Then compilers should understand how to make it fast.

Uhm, nope. Sure, if you happen to have 4 additions right next to each other, the compiler might replace that with an ADDPS. In the case in point however, you'll probably expect a generic node to perform the addition on single items in the table. As such, your "addTwoTableElementsTogether" node isn't going to have 4 floating point ops next to each other, it will only have one. Compilers cannot optimise your data structures. If you want to stand a chance of having the compiler do most of the gruntwork for you, you actually have to spend time re-factoring your data structures to better align them with the SIMD/AVX data types. Some people call this a "performance oriented approach".

This can only come from people who think code is for machines. Code is for humans to read and modify.

Bullshit. This can only come from experienced software developers who understand that the only approach to improving performance of a large scale app, is to restructure the data layout to better align it with modern CPUs. There is *NOTHING* about this approach that makes the code harder to read or follow - that's just your lack of software engineering experience clouding your judgement.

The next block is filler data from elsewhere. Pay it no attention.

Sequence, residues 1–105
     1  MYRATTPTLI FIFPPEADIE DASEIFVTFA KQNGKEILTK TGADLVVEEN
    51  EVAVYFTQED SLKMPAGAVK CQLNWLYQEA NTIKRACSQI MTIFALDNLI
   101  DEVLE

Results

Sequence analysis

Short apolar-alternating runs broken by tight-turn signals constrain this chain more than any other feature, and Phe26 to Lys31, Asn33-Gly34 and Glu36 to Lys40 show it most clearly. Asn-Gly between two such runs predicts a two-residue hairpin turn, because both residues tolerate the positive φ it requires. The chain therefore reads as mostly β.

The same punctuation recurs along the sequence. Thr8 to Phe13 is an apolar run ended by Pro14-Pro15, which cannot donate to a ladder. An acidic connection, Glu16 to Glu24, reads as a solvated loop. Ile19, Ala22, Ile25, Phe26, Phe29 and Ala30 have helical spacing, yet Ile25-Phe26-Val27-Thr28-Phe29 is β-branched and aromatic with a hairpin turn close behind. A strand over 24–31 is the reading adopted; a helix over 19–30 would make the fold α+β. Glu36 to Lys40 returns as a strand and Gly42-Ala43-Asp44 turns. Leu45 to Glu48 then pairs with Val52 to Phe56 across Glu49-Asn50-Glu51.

Re:If you need it you are doing it wrong. (0)

tibit (1762298) | about a year ago | (#44178911)

I wholly agree.

Re:If you need it you are doing it wrong. (2)

gstoddart (321705) | about a year ago | (#44178699)

I agree. Also, if you rewrite structured code into a "performance oriented approach", you are doing it wrong.
Write code so it is easy to understand. Then compilers should understand how to make it fast.

Except code can end up going through so many layers of abstraction, with some of those layers doing things in the most inefficient manner possible because terrible assumptions were made.

Sometimes, you need to plan for both performance and well structured code -- or you can end up writing garbage which makes heavy use of code which does extremely stupid things.

Most people nowadays are so far removed from knowing what's happening close to the metal that they don't often realize you're essentially running thousands of lines of code to do something trivial as heavyweight libraries wrap everything up.

At a certain point, someone needs to be able to determine if the code is the reason your stuff is so damned slow, and if the bloat has gotten out of hand. Sometimes, you really do need to look at your own optimizing.

Re:If you need it you are doing it wrong. (1)

wonkey_monkey (2592601) | about a year ago | (#44178421)

If you need it you are doing it wrong

That's begging the question, sort of. Who said anything about needing it?

If your spreadsheet needs a gpu to speed up calculations, you are possibly misusing spreadsheets.

FTFY. If a spreadsheet is capable of doing what someone wants, who are you to say it shouldn't be done that way?

But if you have a spreadsheet that needs this much of cpu time to recompute